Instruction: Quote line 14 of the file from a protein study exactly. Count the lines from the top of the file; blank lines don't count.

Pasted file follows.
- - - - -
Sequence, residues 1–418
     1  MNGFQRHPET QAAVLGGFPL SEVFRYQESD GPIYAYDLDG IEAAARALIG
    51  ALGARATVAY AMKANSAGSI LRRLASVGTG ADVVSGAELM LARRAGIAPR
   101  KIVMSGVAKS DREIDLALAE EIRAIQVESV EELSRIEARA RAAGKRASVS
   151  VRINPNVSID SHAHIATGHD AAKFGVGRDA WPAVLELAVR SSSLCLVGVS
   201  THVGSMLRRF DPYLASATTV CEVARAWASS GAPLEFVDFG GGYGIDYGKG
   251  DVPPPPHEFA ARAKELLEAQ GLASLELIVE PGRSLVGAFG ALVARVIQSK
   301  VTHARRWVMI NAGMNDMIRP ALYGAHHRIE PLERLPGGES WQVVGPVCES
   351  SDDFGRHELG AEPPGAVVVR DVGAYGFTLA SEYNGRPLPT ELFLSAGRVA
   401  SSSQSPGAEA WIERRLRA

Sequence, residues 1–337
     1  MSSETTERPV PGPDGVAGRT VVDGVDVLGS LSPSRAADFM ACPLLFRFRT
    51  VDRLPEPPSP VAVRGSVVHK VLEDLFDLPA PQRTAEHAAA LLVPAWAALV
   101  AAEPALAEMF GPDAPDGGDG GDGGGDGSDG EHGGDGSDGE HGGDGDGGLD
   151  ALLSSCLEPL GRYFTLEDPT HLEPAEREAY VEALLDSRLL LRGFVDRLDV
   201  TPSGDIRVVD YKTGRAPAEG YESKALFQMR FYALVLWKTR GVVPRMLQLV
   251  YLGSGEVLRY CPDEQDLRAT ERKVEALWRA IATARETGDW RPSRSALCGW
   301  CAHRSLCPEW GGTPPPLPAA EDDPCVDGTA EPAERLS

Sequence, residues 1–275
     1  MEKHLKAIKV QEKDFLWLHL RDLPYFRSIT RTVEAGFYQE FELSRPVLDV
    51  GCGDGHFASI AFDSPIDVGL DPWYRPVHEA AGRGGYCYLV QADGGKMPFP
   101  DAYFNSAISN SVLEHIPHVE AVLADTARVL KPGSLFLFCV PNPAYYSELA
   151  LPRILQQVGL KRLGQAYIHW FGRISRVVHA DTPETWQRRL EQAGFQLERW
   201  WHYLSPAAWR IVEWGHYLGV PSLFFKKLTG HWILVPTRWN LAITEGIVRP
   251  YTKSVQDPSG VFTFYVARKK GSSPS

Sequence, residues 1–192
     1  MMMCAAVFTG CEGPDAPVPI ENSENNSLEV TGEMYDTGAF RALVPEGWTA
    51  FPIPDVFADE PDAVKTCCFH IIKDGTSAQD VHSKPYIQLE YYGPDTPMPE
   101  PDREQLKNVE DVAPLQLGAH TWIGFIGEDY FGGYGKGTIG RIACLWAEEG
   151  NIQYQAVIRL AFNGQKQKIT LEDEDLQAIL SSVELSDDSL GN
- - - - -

   101  AAEPALAEMF GPDAPDGGDG GDGGGDGSDG EHGGDGSDGE HGGDGDGGLD